Aggersborg - A Viking Ring Fortress

11:49:00 AM

Aggersborg Viking Fortress and church from the air.  Courtesty of Medieval Histories.
In northern Denmark, along the Limfjorden, lies the remains of the largest, and quite possibly the oldest, of five ring fortresses built during the reign of the great Viking king Harold Bluetooth, between AD 980-981.  Recent archaeological evidence has shown that this fortress was built on the remains of an even earlier Viking settlement.  Curiously it was abandoned only 30 years after it was built.  Even so, the fortress has remained a prominent fixture in the landscape around it.

In all there are 5 known ring fortresses built around Denmark during the reign of Harold Bluetooth, the most recent discovered in 2014 in.  Their locations form an L-shape through Denmark and were used as either military bases or trading posts, or both.  Aggersborg was strategically placed at the narrowest point along the Limfjord and was most likely the starting point for many Viking expeditions to England and other parts of Scandinavia. 

I will not get into the history or archaeology of Aggersborg, as this online text and a general Google search will give you everything you ever wanted to know about the fortress, and more!  If you do just happen to be in Denmark and visiting Aggersborg one day, you will find that, as with many "touristy" areas in the northern end of the country, you will pretty much have the place to yourself.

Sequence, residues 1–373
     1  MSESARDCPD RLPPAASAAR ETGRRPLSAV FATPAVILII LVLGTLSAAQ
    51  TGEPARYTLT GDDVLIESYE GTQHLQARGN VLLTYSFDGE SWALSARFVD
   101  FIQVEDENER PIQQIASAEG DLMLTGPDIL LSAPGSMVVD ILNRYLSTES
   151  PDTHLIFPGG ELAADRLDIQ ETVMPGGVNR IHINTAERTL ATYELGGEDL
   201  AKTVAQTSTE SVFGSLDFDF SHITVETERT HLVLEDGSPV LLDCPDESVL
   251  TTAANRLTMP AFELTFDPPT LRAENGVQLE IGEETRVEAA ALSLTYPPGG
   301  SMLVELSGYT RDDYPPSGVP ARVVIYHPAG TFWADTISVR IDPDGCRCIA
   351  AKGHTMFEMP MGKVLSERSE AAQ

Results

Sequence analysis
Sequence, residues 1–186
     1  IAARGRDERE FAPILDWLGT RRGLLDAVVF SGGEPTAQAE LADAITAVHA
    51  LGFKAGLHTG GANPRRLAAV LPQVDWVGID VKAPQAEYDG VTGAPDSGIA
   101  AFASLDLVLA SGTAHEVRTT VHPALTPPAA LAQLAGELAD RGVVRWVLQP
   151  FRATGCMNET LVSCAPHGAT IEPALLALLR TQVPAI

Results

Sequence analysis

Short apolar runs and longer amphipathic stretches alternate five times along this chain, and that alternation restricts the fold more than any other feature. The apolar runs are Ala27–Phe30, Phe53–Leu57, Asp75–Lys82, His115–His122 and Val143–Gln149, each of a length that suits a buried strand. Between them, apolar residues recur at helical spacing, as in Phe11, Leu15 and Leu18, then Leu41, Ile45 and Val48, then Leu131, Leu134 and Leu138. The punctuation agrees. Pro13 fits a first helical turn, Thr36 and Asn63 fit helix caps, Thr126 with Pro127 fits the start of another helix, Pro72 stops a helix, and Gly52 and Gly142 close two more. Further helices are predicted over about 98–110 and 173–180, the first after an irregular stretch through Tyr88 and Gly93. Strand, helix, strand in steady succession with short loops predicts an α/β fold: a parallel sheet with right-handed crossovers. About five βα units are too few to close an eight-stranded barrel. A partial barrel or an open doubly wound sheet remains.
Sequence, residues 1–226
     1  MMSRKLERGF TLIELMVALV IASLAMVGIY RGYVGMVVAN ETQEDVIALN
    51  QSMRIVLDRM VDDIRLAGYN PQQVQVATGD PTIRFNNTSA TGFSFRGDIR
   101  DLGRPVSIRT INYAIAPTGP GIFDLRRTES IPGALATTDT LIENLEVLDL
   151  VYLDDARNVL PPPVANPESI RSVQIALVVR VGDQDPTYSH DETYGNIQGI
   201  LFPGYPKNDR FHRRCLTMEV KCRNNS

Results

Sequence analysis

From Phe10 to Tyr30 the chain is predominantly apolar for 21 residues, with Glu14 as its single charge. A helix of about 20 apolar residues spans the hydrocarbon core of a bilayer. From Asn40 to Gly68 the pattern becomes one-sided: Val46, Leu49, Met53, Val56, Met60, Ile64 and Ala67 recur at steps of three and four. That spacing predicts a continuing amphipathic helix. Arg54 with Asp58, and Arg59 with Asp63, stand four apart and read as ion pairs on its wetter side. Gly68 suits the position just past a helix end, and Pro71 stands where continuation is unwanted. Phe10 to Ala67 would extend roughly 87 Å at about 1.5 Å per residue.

When you first arrive at Aggersborg I suggest going to the small visitors center, which is housed in a small nondescript building.  

Inside you will find an exhibition about the construction and history of Aggersborg and surrounding area, along with a few copies of artifacts discovered during excavations.

After exiting the exhibition hall you will come out on a little deck with more signs.  Most are written in Danish but there is a little bit of English mixed in.  Enough to give you a general idea of what you are looking at.  From the deck you can also see how close Aggersborg was to the Limfjord.

After reading those you can go out and walk around.  As you can see from the pictures, we have had varying weather conditions each time we have gone out.

As you walk around you can see the remains of the walls, which were at one time 11 meters thick and several meters high, but today are only about a meter high.  

Walking around it isn't hard to give your imagination free reign and picture this as an active Viking fortress.

Thank you for coming on this walking tour with me, and I hope you enjoyed learning a little more about one of my favorite places to visit in Denmark!

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